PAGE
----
Oil prices ended little changed on Monday as the prospect for U.S. crude production to continue growing offset reports of high compliance to the OPEC production cut agreement and record bullish bets that prices would rise further.
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On its penultimate day as the front-month contract, Brent futures for April delivery lost six cents, or 0.1 percent, to settle at $55.93 a barrel, while U.S. West Texas Intermediate crude (WTI) gained six cents, or 0.1 percent, to $54.05.
Investors raised their bets on rising Brent crude oil prices to a new high last week, breaking the 500,000-lot mark for the first time on record, data from the InterContinental Exchange showed.
Money managers also raised their bullish U.S. crude futures and options positions in the week to Feb. 21 to the highest on record, the U.S. Commodity Futures Trading Commission (CFTC) said on Friday.
Investors now hold 951,312 lots' worth of U.S. and Brent crude futures and options, equivalent to nearly 1 billion barrels of oil valued at more than $52 billion, based on current Brent and WTI benchmark prices.
"With speculators increasing their bullish bets on U.S. crude to an all-time high, the risk of disappointment and subsequent downward spiral in prices has never been greater," oil brokerage PVM's Stephen Brennock said.
Among the risks is the level of compliance to the deal between the Organization of the Petroleum Exporting Countries (OPEC) and other producers to bring down oil output by about 1.8 million barrels per day (bpd).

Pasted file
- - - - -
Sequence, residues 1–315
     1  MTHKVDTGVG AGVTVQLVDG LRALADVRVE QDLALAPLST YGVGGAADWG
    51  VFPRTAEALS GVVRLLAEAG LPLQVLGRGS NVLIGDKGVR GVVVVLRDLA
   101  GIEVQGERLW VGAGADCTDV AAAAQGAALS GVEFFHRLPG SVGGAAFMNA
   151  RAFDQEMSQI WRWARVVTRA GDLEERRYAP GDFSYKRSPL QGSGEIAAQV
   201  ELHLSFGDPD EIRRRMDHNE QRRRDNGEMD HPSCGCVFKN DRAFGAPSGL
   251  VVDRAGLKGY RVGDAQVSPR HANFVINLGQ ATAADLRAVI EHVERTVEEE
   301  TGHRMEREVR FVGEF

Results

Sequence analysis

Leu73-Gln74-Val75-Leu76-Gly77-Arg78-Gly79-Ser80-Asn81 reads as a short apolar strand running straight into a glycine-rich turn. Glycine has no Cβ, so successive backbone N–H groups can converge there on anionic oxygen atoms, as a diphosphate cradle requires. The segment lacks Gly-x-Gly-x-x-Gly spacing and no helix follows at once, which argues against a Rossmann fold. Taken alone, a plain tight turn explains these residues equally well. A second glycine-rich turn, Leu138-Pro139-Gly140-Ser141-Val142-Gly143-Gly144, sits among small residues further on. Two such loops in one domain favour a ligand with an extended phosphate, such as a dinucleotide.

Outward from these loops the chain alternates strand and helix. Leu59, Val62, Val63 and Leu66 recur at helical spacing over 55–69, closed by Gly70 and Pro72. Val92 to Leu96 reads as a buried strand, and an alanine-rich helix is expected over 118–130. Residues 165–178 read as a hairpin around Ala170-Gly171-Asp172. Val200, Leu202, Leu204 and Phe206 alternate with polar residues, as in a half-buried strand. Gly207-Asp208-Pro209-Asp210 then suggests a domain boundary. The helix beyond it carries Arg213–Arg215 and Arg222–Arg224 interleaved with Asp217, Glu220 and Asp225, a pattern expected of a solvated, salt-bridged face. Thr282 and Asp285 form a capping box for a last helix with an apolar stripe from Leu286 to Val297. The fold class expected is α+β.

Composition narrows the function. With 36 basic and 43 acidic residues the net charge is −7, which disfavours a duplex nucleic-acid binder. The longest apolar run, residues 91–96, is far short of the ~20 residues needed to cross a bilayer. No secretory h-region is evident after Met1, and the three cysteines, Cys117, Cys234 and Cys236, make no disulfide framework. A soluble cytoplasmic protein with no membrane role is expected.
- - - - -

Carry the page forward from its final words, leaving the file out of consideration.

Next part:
OPEC's record compliance with the deal has surprised the market, and the biggest laggards, the United Arab Emirates and Iraq, have pledged to catch up with their targets.
The International Energy Agency put OPEC's average compliance at a record 90 percent in January. Based on a Reuters average of production surveys, compliance stands at 88 percent.
A Reuters survey of OPEC production later this week will show compliance for February.
Iran, Libya and Nigeria, meanwhile, will remain exempted from the production cuts for the first six months of 2017, OPEC's Secretary General said.
"With bullish speculation already at a record high ... a couple things you have to be concerned about if you are a bull are the rebound in U.S. oil production and growing output from Iran, Nigeria and Libya," said Kyle Cooper, a consultant for ION Energy in Houston.
U.S. producers boosted crude production to over 9 million bpd during the week ended Feb. 17 for the first time since April 2016 as energy firms search for more oil, according to federal data.
U.S. drillers added five oil rigs in the week to Feb. 24, bringing the total count up to 602, the most since October 2015, energy services firm Baker Hughes Inc said on Friday.